Gaddafi death 'will improve' Libya

Hannah ThompsonYouGovLabs and UK Public Opinion Website Editor
October 25, 2011, 4:52 PM GMT+0

The majority of the British public think the death of former Libyan dictator Colonel Gaddafi will ‘generally make things better’ in the African state over the next few months, our poll has shown, while far fewer say that it will ‘generally make things worse’ and under one in five think that it will ‘make no difference’.

  • 56% of Brits think that the recent death of Colonel Gaddafi will make the situation in Libya generally better
  • Just 13% say Gaddafi’s death will make the situation in Libya worse
  • 17% say his death will make the situation in Libya neither better nor worse (and 14% say they do not know)

Gaddafi’s final hours

The results come in light of last Thursday’s news that the 69-year-old fugitive Colonel Gaddafi had been killed, with grainy images of his bloody body controversially broadcast around the world, finally ending his 42-year-long rule. The corpses of both him and one of his sons were reportedly buried in a ‘secret’ Libyan location earlier today, but the exact circumstances surrounding his death still remain unclear.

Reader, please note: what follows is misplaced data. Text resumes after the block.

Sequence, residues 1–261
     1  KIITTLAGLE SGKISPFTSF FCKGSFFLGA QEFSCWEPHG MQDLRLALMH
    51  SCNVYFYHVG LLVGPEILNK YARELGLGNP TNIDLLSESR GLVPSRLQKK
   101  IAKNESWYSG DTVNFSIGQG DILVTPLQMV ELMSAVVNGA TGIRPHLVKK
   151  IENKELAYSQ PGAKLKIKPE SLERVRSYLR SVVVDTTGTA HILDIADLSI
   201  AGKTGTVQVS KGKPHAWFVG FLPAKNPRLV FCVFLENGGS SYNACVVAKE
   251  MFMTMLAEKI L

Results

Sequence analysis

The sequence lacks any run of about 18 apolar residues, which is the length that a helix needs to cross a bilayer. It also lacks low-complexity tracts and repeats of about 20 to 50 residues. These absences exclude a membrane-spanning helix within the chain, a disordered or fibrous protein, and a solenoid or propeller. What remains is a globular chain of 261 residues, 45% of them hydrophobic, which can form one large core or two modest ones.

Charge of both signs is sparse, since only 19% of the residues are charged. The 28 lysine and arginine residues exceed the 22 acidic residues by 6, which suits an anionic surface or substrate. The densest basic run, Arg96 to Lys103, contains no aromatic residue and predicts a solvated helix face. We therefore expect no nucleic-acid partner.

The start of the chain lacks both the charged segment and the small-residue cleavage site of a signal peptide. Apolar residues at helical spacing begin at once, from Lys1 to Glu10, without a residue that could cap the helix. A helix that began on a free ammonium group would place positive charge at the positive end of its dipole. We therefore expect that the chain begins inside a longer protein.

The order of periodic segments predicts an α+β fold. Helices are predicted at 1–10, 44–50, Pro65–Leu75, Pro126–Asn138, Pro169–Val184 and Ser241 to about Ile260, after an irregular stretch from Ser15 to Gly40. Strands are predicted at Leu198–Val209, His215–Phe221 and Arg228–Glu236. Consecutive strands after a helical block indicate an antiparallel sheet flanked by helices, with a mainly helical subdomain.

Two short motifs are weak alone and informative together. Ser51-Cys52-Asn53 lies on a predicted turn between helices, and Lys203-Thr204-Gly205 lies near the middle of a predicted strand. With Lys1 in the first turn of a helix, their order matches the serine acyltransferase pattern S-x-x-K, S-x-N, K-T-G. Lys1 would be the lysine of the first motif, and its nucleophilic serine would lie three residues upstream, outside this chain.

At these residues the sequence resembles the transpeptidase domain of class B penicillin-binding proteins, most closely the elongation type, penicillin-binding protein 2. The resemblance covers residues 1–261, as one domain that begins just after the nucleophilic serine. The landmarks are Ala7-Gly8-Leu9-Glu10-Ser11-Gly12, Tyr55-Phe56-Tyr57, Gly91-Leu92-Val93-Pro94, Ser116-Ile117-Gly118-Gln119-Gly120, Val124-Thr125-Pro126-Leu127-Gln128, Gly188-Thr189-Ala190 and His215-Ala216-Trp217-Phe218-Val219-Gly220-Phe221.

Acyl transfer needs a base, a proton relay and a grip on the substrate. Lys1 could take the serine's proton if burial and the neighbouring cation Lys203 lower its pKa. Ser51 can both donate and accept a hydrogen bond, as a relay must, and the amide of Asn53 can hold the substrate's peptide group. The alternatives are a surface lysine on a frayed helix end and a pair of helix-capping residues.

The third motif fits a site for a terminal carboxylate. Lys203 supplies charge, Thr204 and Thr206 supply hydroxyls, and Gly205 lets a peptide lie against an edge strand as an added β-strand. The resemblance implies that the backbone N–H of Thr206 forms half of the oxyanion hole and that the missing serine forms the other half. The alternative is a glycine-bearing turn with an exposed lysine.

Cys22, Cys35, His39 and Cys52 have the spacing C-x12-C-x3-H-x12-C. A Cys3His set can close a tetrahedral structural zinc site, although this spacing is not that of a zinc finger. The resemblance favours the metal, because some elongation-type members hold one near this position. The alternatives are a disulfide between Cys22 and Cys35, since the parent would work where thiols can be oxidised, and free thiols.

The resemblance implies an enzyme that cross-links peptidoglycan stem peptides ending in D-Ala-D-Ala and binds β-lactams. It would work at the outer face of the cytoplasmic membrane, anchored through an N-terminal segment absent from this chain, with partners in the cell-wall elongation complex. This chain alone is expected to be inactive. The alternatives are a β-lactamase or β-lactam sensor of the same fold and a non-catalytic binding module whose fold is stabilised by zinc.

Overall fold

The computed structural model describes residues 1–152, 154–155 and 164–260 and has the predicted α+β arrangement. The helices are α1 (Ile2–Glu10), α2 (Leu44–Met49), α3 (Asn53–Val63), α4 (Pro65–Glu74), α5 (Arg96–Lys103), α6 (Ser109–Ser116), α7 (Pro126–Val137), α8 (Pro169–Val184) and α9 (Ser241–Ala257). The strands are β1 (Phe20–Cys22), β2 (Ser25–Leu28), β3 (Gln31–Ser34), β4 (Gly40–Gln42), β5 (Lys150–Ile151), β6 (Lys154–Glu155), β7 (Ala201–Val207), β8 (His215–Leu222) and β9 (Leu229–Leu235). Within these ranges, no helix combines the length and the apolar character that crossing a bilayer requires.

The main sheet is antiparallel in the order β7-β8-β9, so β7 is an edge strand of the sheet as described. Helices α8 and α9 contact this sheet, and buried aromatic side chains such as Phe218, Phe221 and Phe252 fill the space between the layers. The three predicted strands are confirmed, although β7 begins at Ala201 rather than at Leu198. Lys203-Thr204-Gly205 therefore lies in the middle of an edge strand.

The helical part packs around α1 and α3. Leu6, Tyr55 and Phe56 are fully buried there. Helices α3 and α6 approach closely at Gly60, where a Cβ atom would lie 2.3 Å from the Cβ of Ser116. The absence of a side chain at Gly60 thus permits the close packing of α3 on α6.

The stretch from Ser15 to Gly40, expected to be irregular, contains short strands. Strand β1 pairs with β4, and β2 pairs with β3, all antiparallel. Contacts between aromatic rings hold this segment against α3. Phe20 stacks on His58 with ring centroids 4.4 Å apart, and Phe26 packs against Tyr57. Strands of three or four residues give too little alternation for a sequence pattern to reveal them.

The United Nations has called for a full investigation into Gaddafi’s death, with the Human Rights office having voiced concerns that he may have been ‘executed’. The killing has raised questions about the stability of the National Transitional Council and the rebels’ respect for human rights laws.

‘The wounds of the past’

Meanwhile, the chief of the Arab League reportedly told Egyptian state news agency MENA that he was concerned about whether Libya will manage to ‘overcome the wounds of the past and look towards the future away from sentiments of hatred and revenge’.

But amid reports that factions in the hitherto united Libyan rebel forces are beginning to break out, the Libyans and the Western allies who backed the revolt have otherwise indicated their impatience to begin what the United States has called ‘new era’ in democracy, after nine months of sustained conflict.